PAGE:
Golfweek's Best ranks the future courses for men's majors, and 2022 will be special

The upcoming major sites stack up quite well, it turns out, using Golfweek’s Best ratings of courses as a barometer.

Golfweek's Best ranks the future courses for men's majors, and 2022 will be special

The men’s majors in 2021 were great, crowning as champions Hideki Matsuyama at the Masters, Phil Mickelson at the PGA Championship, Jon Rahm at the U.S. Open and Collin Morikawa at the British Open.

Right, so, on to 2022 and beyond.

Where will the best players in the world tee it up over the next several years? And how do the upcoming courses stack up against 2021’s lineup of Augusta National, Kiawah Island Golf Resort’s Ocean Course, Torrey Pines South and Royal St. George’s?

The upcoming major sites stack up quite well, it turns out, using Golfweek’s Best ratings of courses as a barometer. And get ready for a great lineup next year, as 2022 is the best of them all.

Golfweek’s Best ranks courses by compiling the average ratings – on a points basis of 1 to 10 – of its more than 750 raters to create several industry-leading lists of courses. These ratings are then collated into various lists, including Golfweek’s Best Classic Courses for layouts opened before 1960 in the U.S., Modern Courses for layouts opened in or after 1960 in the U.S., and Great Britain and Ireland’s Classic Courses opened before 1960. These lists offer our best comparisons of major championship sites.

With Augusta National always in the mix as anchor site of the Masters, the average rating of major courses in 2021 was 8.1525, based off the latest Golfweek’s Best rankings. In 2022, that average rating climbs to 8.4975. The average rating in 2023 is 8.155, followed by 2024 with a 8.17 rating.

So, basically, get ready for some great courses in 2022. Take a look below to see all the courses to be played in the next three years, plus their Golfweek’s Best ratings and how they rank on their applicable lists.

Source : Golf Week More   

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Grayson Murray tweets 'playing the PGA Tour is absolutely awful'; says he hasn't received help for alcoholism

In a raw, unfiltered social media post, Murray said he's an alcoholic who has not received help from the Tour.

Grayson Murray tweets 'playing the PGA Tour is absolutely awful'; says he hasn't received help for alcoholism

In a raw, unfiltered social media post, PGA Tour pro Grayson Murray said he’s an alcoholic who has not received help from the Tour, and added that life on golf’s most lucrative circuit is “absolutely awful.”

Murray, who attended Wake Forest University, East Carolina University, and Arizona State University, has four professional wins, including one on the PGA Tour — the 2017 Barbasol Championship.

At this week’s 3M Open, Murray shot 73 in the opening round then doubled his first hole in the second round and withdrew. That comes after testing positive for COVID at the 3M Open last year.

Murray has been volatile on social media in the past, often expressing his support for former President Donald Trump and even taking sly jabs at fellow Tour members, like a recent post in which he insisted his seven straight missed cuts had nothing to do with his equipment (an obvious dig at Bryson DeChambeau’s public comments about Cobra.)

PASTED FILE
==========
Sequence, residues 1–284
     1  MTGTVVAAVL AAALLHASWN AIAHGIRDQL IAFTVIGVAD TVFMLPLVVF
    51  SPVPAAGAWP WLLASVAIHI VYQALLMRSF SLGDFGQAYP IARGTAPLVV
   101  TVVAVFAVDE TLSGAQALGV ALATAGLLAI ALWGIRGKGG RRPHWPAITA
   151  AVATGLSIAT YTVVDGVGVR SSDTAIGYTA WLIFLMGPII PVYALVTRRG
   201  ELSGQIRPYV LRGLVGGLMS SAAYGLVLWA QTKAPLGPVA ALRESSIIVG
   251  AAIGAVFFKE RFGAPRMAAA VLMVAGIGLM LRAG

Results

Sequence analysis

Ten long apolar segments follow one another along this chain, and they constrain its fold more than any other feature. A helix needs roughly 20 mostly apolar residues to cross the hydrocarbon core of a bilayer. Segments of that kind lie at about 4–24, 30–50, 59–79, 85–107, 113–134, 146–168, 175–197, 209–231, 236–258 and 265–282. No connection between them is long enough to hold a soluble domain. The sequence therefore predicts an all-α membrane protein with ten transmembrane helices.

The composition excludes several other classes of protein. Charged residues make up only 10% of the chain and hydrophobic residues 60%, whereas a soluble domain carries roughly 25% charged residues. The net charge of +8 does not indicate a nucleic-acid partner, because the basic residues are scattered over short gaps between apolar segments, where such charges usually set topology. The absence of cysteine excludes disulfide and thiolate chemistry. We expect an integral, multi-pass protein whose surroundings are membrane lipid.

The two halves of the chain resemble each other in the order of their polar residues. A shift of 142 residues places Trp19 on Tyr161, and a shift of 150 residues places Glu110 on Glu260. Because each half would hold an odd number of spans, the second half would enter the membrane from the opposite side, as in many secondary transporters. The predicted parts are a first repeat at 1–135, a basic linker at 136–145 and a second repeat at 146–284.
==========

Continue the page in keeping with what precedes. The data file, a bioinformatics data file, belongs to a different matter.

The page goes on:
He recently opened up via Twitter to tell of the murder of his great aunt and great uncle in North Carolina.

But in this recent post, which came Friday night, Murray said he’s struggled with life on Tour. While some of it is injury-related, he let on that issues with alcohol have gotten him into hot water.

Murray, 27, said in the tweet that he’s on probation with the Tour after an incident in Hawaii and added that he’s an “alcoholic that hates everything to do with the pga tour (sic) life and that’s my scapegoat.”

Murray added that he’s currently recovering from alcohol issues and said any pleas for help have been unmet.

“No the pga tour didn’t force me to drink. but the pga tour never gave me help. In my 5 years of experience of being on tour not once have i ever had a request been acknowledged by the commissioner or the PAC other than ‘we will get back to you’. I hope not only the PGA tour steps up in the areas they need to step up but i also hope people are held accountable in their roles they serve,” said the tweet from Murray’s account.

Recent PGA Championship winner and Tour veteran Phil Mickelson was one of many people to respond to Murray’s posts with messages of support. “I’m sorry playing the Tour has been so overwhelming and if I can help in any way I’d be happy to,” Mickelson wrote in response on Twitter. “It’s not an easy life for sure, and even winning every year can bring about other challenges. FYI ‘we will get back to you’ is the only response I’ve ever gotten too.”

It should be noted that many other professional leagues offer programs for younger players. For example, the National Football League’s Rookie Transition Program walks newcomers through potential pitfalls and how best to avoid them. From the NFL’s website:

There are 15 mandatory topics that are presented by the league and by the people who rookies will interact with on a daily basis. This peer-to-peer format creates a collaborative environment for clear and consistent communication.

The Tour doesn’t offer any similar service.

“You see the tour not once in my 5 years of being a member has reached out to me with advice or help on how to deal with the life of becoming a pga tour pro. All they want to do is pour money into the top 10 guys they promote,” it said on Murray’s account.

Murray has fallen to 457th in the Official World Golf Ranking and has made the cut just seven times in 21 Tour events this season.

Golfweek reached out to the PGA Tour for comment, but has not yet received a reply.

Source : Golf Week More   

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